Why Ed Balls is wrong
Just to continue the point I was making yesterday in a post headed, “Why Ed Balls is right“, I should make clear not so much where I disagree with him but where I think his record is a problem for Labour now.
He may be right to have preferred Plan B (Alistair Darling’s plan to halve the deficit in four years) over Plan A (George Osborne’s to eliminate the structural deficit in four, now five, years) 18 months ago.
As Robert Chote, head of the Office for Budget Responsibility, interviewed in The Times yesterday (pay wall), said:
The debate between Plan A and Plan B is down to a Budget call as to whether there is an additional fiscal loosening that would be large enough to help boost the economy but small enough not to spook the financial markets. Reasonable people can quite evidently disagree.
But Chote also said something else important:
There’s an unknowable question as to what difference it would have made if this organisation had been set up ten years ago. I think we would probably have gone into the financial crisis with the public finances in rather better shape than they were.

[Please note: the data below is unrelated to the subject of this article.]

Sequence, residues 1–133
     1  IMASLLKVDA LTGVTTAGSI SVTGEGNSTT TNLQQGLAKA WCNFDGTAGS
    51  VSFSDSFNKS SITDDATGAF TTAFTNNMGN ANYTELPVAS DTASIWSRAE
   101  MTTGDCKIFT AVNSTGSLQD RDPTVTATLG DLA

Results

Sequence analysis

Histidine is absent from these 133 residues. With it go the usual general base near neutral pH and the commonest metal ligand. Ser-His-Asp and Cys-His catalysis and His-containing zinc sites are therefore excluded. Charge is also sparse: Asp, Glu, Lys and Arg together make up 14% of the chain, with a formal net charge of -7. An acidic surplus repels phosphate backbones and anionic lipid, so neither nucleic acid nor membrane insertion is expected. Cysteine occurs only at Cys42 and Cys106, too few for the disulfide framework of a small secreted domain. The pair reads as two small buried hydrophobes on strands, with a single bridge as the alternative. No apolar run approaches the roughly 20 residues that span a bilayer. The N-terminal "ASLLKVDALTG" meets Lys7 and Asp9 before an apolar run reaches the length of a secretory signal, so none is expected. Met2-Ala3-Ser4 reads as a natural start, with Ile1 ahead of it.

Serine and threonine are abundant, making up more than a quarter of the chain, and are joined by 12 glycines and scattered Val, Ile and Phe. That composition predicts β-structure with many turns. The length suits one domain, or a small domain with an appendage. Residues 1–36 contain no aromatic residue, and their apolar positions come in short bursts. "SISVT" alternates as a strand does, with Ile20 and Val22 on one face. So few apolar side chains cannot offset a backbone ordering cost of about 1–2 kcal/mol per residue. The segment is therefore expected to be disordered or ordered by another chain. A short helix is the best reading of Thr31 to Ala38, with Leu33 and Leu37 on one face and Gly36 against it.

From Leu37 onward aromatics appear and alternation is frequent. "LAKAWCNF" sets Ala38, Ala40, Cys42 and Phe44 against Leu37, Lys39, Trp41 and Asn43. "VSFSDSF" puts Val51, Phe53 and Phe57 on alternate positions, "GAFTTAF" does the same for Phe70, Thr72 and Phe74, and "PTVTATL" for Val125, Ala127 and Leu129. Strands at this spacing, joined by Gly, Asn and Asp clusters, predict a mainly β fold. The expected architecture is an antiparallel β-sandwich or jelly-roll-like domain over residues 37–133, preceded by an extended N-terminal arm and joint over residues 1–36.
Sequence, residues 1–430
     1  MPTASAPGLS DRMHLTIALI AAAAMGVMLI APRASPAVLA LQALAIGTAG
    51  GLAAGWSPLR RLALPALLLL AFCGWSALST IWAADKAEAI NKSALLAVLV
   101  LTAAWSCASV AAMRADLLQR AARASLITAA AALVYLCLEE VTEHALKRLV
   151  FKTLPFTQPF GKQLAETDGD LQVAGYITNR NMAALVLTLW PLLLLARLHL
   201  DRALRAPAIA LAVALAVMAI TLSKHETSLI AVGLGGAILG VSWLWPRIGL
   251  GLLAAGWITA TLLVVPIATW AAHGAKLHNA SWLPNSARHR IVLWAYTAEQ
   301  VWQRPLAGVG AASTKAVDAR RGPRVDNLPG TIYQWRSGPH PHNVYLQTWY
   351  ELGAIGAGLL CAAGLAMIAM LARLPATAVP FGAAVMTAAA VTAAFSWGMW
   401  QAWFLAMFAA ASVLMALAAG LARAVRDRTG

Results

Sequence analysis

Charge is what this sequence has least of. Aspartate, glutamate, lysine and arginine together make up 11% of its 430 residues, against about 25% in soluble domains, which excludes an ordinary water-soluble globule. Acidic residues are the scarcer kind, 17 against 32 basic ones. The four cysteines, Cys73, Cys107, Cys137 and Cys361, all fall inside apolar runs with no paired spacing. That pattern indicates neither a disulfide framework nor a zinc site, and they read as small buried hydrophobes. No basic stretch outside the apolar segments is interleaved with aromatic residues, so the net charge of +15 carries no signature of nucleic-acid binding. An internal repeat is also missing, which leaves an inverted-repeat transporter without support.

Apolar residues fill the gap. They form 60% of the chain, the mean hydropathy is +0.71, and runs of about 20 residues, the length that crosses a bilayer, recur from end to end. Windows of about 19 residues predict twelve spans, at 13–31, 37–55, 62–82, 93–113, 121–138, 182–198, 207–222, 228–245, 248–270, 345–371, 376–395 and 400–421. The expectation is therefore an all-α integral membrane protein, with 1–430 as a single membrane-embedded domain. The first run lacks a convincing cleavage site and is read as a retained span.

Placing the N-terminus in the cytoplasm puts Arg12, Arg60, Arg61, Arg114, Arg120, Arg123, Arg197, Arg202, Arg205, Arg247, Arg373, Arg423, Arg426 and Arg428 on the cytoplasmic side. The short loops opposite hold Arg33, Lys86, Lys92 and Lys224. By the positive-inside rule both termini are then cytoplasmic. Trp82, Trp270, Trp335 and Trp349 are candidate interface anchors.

In other words, had Gordon Brown, advised by Ed Balls, kept to the prudent fiscal rules that it is now the OBR’s job to oversee, then we would be in a better position now.
This view was endorsed by Gus O’Donnell, the outgoing Cabinet Secretary, in an interview in today’s Observer, talking about the Gordon Brown years:
The important thing about fiscal rules is living with obeying them. They were perfectly reasonable.
The Shadow Chancellor’s complicity in breaking those rules (and never mind that Tony Blair, the Conservative Party and the media happily went along with it) from about 2003 to 2008 means that it is hard for Labour to regain the voters’ trust as the fiscally responsible party.
Photograph: GettyTagged in: ed balls, obr
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